52 groups protest against 3 islands project

A group of fishermen protesting at Kampung Nelayan, near Teluk Kumbar, where one of the three islands will be created.

GEORGE TOWN: A coalition of 52 Malay-interest groups has written a protest note to Prime Minister Dr Mahathir Mohamad, asking him to cancel the Penang South Reclamation (PSR) project.

The Consumers’ Association of Penang and Sahabat Alam Malaysia (SAM) have also criticised the Department of Environment (DoE) for approving the three-island reclamation project, saying the regulator had ignored serious concerns put forward by them.

The 52 groups, under the umbrella of the Penang Malay Congress, wrote to Mahathir on June 30, giving 20 reasons why the project should be scrapped.

In a seven-page letter, made available to the media, it said the 3.2 million tonnes of carbon emissions from the reclamation project alone should be of serious concern to the government.

The groups also claimed that the proponents of the project were not transparent about their plans, saying the 20 volumes containing data of the project were not allowed to be taken out for discussion.

“Penang, which is blessed with hills, seas and the Unesco-listed George Town, is now at a crossroads.

“What do we envision for Penang now? Roads dominated by cars, and a messy concrete jungle which consumes our hills and seas?

Penang Malay Congress president Mohd Yussof Latiff.

“Or do we want a smart and green island with fewer cars and better connectivity?

“We hope YAB Tun would seriously and fairly look at our memorandum,” said congress president Mohd Yussof Latiff.

CAP and SAM, meanwhile, said the approval by DoE was “inexplicable and unjustified”, given the flaws and shortcomings in the environmental impact assessment of PSR.

Earlier today, the state government revealed the DoE had given the approval to start the reclamation project with 72 conditions.

The three islands, covering a total 1,700ha, would be reclaimed and later sold to interested parties to finance the state’s RM46 billion transport master plan (PTMP).

CAP and SAM said the state’s repeated claims that there was a shortage of land, and hence a need to reclaim land, did not hold water, as the same amount of land was readily available in Seberang Perai.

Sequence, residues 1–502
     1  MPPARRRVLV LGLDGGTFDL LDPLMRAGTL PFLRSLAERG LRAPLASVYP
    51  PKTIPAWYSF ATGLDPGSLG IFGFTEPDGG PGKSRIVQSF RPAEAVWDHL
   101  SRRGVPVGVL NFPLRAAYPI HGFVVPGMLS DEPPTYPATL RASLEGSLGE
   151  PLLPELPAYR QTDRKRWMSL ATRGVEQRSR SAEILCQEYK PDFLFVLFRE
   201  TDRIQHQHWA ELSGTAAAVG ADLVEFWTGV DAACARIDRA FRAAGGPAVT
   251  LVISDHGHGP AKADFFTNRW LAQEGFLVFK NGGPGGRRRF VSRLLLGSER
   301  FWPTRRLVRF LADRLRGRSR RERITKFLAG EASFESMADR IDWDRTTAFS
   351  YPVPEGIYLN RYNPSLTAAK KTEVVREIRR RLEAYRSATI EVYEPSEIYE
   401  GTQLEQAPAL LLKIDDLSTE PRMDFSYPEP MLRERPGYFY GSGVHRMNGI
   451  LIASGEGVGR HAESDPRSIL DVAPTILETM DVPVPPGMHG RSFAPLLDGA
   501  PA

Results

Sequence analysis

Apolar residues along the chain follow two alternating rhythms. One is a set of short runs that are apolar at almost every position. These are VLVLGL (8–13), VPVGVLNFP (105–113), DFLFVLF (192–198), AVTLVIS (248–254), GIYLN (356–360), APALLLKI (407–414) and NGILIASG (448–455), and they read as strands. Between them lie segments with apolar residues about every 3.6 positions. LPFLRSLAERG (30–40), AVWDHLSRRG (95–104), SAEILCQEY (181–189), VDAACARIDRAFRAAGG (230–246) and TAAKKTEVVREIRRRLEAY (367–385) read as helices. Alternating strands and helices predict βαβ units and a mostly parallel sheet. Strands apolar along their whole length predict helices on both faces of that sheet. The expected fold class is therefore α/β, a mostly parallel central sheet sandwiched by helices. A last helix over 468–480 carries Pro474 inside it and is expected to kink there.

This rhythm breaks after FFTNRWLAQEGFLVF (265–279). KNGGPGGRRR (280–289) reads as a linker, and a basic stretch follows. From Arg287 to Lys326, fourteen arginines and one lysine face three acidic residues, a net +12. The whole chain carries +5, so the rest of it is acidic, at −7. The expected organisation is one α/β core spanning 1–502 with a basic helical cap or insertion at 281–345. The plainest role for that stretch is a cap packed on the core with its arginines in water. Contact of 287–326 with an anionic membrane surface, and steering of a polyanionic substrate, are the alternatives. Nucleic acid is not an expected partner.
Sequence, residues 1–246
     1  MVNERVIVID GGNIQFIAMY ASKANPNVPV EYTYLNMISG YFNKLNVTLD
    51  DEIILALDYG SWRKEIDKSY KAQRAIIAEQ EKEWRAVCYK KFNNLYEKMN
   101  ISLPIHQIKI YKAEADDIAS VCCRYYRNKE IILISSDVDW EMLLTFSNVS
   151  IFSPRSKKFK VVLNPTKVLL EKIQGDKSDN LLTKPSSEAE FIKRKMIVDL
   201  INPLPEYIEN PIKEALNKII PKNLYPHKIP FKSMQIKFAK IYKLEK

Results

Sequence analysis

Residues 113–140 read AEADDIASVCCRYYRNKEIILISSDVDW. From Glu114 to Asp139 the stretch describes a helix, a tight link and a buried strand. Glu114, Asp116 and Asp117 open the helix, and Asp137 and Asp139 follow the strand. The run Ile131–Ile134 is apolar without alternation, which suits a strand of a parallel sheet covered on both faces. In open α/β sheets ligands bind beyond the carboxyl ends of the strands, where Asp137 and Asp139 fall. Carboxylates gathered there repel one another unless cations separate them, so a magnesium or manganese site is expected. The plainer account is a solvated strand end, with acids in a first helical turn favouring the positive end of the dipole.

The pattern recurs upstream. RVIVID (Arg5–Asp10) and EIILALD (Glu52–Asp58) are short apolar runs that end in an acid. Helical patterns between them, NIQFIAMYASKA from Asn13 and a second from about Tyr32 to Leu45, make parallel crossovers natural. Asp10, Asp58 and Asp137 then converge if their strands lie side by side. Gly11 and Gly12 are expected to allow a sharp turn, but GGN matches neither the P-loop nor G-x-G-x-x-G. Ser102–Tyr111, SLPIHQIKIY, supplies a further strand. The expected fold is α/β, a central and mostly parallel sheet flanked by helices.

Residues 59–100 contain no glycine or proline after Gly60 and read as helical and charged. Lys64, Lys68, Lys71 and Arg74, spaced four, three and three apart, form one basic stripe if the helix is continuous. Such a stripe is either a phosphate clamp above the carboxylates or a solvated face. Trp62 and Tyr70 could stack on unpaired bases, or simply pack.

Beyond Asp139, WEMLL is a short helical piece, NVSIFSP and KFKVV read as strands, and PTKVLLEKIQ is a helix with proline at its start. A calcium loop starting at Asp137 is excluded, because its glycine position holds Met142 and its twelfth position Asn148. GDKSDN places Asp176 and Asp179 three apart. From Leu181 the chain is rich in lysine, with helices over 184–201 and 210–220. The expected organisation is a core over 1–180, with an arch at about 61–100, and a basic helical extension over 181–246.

In a joint statement, they said some of the other concerns raised with the DoE included the projected population on the islands, the impact on fisheries and the impact on the Olive Ridley turtle unique to Penang.

It also noted the lack of studies on the impact of sand mining, where sand would be extracted from the waters in Perak to reclaim the three islands.

“We had called for the EIA approval not to be given, due to the fundamental concerns that we had raised. We are most dismayed that despite this, approval has been given.

“We are alarmed that our comments and that of other civil society groups, including members of the public, have been pushed aside by the DoE.”

CAP acting president Mohideen Abdul Kader and SAM president Meenakshi Raman said the 72 conditions given by the DoE must also be made public without delay.

The project to reclaim the three islands,  covering 9.3, 4.45 and 3.23 sq km, will be reclaimed off the coast of Permatang Damar Laut, near Bayan Lepas, in the south.

The reclaimed land will belong to the Penang government but will be auctioned off to the highest bidders to finance the PTMP.

The PTMP envisions a series of highways, light rail transit lines and other modes of transport to be built over the next 20 to 30 years.